In terms of the longer-term implications of the copper price cycle for Chilean growth, Spilimbergo’s data suggest that exports may affect long-run growth, particularly through investment (which in turn affects imports). While private consumption is little changed by copper price trends over the long run, Chile’s fiscal position has historically improved sharply when copper revenues swelled. In the 1990s, however, Chile’s extensive structural reforms have tended to diminish the dependency of the country’s fiscal accounts on copper.

How copper influences the business cycle

After finding strong evidence of a correlation between copper cycles and Chile’s business cycle, Spilimbergo tested the means by which this effect could be transmitted. He found that

• There is no evidence of long-term changes in consumption growth due to changes in copper export growth, thus ruling out a wealth effect. By contrast, real wages did increase when copper prices rose—a product either of the correlation between a rise in the price of copper and a decline in inflation or of the availability of greater public sector resources during copper booms and higher nominal wage increases.

• New investment is attracted when higher copper prices are, or are perceived to be, permanent. Foreign direct investment in Chile surged during copper cycle peaks and was concentrated in the mining sector.

• Chile, aided by prudent macroeconomic policies throughout the 1990s, wisely administered copper export revenues and avoided the rent-seeking behavior that was a widely experienced consequence of high commodity prices and surging capital inflows in other countries.

• The monetary effects of the copper price cycle tended to bolster Chile’s efforts in the 1990s to limit the size of the current account deficit. Monetary policy was more expansive in the first phase of the copper cycle, when the current account improved, the exchange rate appreciated, and inflation declined. By contrast, monetary policy grew more restrictive in the later phase when copper prices declined, the current account position worsened, the exchange rate depreciated, and inflation did not go down.

• Copper cycles have also been very relevant for the fiscal balance, even though their importance has been decreasing thanks to the development of alternative sources of revenue and the introduction of the Copper Stability Fund.

Fixed investment in machinery, fourth-quarter growth

Distance from copper price peak

Data: IMF, Copper and the Chilean Economy, 1960–98.

Copper mining in Chile

In 1971, Chile nationalized its large copper mines, which at the time were owned chiefly by U.S. multinationals. By the end of the 1970s, Chilean government-owned mines accounted for 85 percent of national copper production.

In 1974, however, Chile created a legal framework for foreign investment in the mining sector and in 1980 readmitted foreign investment in large new mines. It also adopted a fiscal regime that provided incentives for foreign investment in the mining sector (foreign investors are subject to no royalty payments and are eligible for reduction in their tax burden through accelerated depreciation).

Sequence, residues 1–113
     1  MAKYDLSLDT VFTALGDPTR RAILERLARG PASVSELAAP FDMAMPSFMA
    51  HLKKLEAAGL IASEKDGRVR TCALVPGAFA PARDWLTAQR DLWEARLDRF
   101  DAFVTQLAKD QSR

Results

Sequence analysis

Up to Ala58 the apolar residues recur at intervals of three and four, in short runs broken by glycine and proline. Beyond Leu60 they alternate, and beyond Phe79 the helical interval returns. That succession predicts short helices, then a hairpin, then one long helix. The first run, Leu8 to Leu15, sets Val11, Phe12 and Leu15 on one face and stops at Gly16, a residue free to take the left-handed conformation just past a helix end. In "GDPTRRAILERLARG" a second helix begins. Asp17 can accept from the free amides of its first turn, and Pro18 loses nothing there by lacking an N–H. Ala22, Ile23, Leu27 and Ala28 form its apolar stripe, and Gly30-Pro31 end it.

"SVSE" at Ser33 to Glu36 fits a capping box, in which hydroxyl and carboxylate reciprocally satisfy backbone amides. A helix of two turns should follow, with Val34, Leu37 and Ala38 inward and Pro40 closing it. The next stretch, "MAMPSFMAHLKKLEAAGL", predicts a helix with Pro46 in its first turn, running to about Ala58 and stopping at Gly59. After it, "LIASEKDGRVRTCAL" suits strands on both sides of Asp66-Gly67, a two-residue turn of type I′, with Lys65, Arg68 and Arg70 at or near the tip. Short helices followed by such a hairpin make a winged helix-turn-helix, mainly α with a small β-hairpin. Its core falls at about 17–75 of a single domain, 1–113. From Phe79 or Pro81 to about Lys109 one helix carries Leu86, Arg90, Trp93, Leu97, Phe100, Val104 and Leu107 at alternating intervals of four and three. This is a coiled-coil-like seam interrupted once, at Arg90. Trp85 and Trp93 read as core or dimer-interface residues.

Between 1974 and 1989, foreign investment in the mining sector grew by an annual average of $90 million. By 1990, the annual growth in foreign investment in the mining sector was $803 million. With more than half of all the foreign investment in Chile between 1989 and 1995 going into the mining sector, the share of large private mines in total output rose to 54 percent in 1996 from 6 percent in 1980. By contrast, the share of CODELCO, the state copper company, in total output shrank to 39 percent from 84 percent over the same period.

Fourth-quarter GDP growth

and real copper price

In constant terms.

Data: IMF, Copper and the Chilean Economy, 1960–98.

Copper still matters

Ultimately, Spilimbergo concludes, copper prices have important implications for short-term fluctuations in the Chilean economy and also are likely to exert an influence on long-term growth. Among the many mechanisms through which copper prices affect the economy, investment appears to play the most significant role. The exchange rate appreciation that high copper prices have triggered has also favored the central bank’s policy of progressive disinflation. According to the study, the fastest gains in the disinflation policy have been obtained when the copper price was increasing. The central bank tended to use periods of decreasing copper prices to consolidate gains in disinflation. Also on the positive side, there is little evidence of a correlation between the copper price cycles and booms in either consumption or share prices.

Copper has played, and is likely to continue to play, a key role in the Chilean economy. But Spilimbergo emphasizes that the reasons for Chile’s success in the 1990s are many and go well beyond the development of the copper sector. Increased macroeconomic stability and diversification have served Chile well and have been the product of sound policies and sustained and far-reaching structural reforms.

Copper production

Almost half of the world’s known reserves of copper are concentrated in two countries: Chile (28 percent) and the United States (17 percent), according to the 1998 U.S. Geological Survey. Copper production is even more highly concentrated, with Chile accounting for 34 percent of production, and the United States accounting for 17 percent. The long-term prospects for copper production are expected to be good, although copper faces increased competition from optic fibers in the telecommunication industry and from aluminum in the construction and automotive industries.

Ian S. McDonald